“Dana. After all you’ve seen, after all the evidence, why can’t you believe?” – Fox Mulder
“I’m afraid. I’m afraid to believe.” – Dana Scully
As Scully grapples with the death of her father, her skepticism begins to crumble when she and Mulder are called in to deal with death row inmate Luther Lee Boggs, who claims to have a psychic connection to an abduction case.
Radhika: Like many X-Files episodes, “Beyond the Sea” is creepy, combining the supernatural with a more grounded mystery — the abduction of a young couple that needs to be saved from being murdered within days. But it’s also a beautiful episode, one that deals with loss, and also allows the viewer further into Scully’s psyche, turning her into a character that is far more layered than the skeptical foil she’s played so far. Continue reading
“Sooner or later, a man’s got to face his demons.” – Fox Mulder
Our heroes, roped in by an old flame of Mulder’s, are set on the path of a man who has it in for the British upper crust. Little do they know that his obsession isn’t the only thing that’s burning….
Max: An episode that competently acquits itself on all fronts, “Fire” is a transitional episode that helps to close out the initial batch of episodes, and the last to air in 1993 before the winter break. The story of a man with a vendetta against British aristocrats, he uses his powers of pyrokinesis to kill his victims and extract immense pleasure from the deed.
Introducing the character of Inspector Phoebe Green (played by Max Headroom‘s Amanda Pays), Mulder’s former classmate and lover from Oxford who now works for Scotland Yard, she travels to a certain Washington DC basement to bring him onto the case, and also to screw with his head. Continue reading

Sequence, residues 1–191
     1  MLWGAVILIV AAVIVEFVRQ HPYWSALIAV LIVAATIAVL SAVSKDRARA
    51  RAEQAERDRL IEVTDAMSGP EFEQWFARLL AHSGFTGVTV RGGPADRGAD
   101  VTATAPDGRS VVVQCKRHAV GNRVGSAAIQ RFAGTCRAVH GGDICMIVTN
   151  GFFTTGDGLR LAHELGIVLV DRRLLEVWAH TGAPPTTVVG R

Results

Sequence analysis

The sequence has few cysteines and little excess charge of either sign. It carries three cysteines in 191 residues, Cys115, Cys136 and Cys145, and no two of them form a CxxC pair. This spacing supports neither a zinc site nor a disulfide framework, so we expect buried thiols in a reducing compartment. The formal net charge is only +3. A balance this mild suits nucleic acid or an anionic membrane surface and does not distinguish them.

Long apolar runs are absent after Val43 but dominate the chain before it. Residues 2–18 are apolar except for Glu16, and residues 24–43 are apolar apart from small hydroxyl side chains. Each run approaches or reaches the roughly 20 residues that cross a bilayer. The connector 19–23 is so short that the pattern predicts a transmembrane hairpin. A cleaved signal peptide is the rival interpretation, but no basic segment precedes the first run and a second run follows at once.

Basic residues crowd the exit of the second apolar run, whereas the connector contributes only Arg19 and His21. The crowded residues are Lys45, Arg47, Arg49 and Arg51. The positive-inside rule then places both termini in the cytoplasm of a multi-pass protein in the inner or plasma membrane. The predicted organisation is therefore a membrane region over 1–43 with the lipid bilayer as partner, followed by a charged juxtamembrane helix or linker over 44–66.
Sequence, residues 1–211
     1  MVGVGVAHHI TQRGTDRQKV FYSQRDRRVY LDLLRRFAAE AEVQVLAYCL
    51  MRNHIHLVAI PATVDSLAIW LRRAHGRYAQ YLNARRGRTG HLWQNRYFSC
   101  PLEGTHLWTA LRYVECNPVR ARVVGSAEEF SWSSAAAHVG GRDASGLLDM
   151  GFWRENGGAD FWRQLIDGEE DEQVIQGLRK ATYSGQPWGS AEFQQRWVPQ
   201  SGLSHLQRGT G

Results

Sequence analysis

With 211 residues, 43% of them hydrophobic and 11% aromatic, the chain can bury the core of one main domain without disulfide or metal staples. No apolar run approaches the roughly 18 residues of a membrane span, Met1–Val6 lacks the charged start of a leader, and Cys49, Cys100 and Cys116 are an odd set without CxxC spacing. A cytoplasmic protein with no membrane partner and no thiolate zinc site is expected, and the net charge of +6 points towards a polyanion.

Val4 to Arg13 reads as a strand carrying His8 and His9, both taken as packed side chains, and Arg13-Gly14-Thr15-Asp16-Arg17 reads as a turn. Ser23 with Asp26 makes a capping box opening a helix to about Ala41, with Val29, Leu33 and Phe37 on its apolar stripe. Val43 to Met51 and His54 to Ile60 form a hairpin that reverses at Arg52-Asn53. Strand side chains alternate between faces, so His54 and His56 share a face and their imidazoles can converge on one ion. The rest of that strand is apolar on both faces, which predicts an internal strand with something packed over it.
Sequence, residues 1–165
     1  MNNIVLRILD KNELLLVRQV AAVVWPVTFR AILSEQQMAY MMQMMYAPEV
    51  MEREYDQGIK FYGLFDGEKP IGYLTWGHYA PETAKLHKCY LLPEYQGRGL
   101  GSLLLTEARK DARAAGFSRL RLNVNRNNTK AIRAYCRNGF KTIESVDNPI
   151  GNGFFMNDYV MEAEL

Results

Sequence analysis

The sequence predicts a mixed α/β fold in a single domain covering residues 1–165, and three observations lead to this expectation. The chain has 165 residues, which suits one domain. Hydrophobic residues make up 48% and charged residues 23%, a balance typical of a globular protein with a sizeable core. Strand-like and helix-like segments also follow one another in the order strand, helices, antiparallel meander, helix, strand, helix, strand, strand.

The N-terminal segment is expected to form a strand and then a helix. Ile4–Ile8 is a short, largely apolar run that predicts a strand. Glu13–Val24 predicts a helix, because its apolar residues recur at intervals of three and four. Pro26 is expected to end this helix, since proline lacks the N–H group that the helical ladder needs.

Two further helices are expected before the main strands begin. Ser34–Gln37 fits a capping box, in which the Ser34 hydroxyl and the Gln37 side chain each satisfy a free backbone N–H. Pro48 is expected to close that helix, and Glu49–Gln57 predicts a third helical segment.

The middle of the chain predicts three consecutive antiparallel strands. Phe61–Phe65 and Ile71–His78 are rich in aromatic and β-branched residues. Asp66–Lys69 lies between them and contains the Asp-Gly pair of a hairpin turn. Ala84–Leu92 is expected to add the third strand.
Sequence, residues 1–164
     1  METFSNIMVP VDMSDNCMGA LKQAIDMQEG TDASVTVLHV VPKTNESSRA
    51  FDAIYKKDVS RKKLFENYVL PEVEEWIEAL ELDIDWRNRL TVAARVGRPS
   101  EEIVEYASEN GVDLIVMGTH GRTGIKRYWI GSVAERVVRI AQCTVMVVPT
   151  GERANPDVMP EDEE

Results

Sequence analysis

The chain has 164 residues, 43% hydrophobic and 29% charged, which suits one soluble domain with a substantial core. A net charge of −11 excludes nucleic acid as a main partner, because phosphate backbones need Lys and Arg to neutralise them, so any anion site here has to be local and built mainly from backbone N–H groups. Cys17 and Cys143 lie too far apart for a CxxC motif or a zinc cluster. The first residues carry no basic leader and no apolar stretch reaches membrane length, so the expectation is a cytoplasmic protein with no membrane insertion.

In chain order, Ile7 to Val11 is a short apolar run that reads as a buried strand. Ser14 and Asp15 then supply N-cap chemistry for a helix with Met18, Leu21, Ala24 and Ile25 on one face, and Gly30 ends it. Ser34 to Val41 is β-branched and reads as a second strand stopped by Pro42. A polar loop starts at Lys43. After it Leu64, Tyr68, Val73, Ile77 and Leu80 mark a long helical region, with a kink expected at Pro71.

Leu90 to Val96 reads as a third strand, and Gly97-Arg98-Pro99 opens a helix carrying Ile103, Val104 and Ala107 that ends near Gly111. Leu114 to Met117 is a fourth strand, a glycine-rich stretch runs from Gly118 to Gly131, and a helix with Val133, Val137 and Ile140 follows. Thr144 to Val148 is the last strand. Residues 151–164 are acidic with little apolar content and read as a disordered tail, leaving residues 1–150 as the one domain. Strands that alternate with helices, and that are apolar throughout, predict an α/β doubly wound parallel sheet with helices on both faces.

“How did you know I’d come for you?” – Eve 8
“We just knew.” – Eve 9
“We just knew.” – Eve 10
Mulder and Scully find themselves investigating two extremely similar cases of murder in different parts of the country. Upon discovering that the victims’ daughters are identical, our heroes begin to uncover the truth behind a human cloning project.
Radhika: “Eve” is a return to the solid standalone, seen earlier in the season in episodes like “Squeeze” and “Ice.” But this time, the story has a bit of a Bad Seed-esque twist, thanks to some creepy twins.
The episode begins as many often do, with Mulder thinking that the exsanguination of a Connecticut man must be alien related, since the death seems to match the type affiliated with extraterrestrial cattle mutilations. It’s the sort of logical conclusion any of us would jump to. Continue reading
“I didn’t think anyone was really paying attention.” – Fox Mulder
“Somebody’s always paying attention Mr. Mulder.” – Max Fenig
Going rogue on reports of something extraordinary happening in the woods of Wisconsin, Mulder gets in way over his head and in very hot water. Scully must help to salvage his career while a reclamation of a different type is underway…
Max: Another disparate piece of the mythology puzzle is dropped onto the playing field in an incredibly thrilling episode. Much like “Shadows” did, “Fallen Angel” uses the story of one character, Max Fenig (wonderful name by the way) as the core of an episode filled to the brim with governmental and military intrigue surrounding the downing of a UFO and the attempt to capture its occupant. Continue reading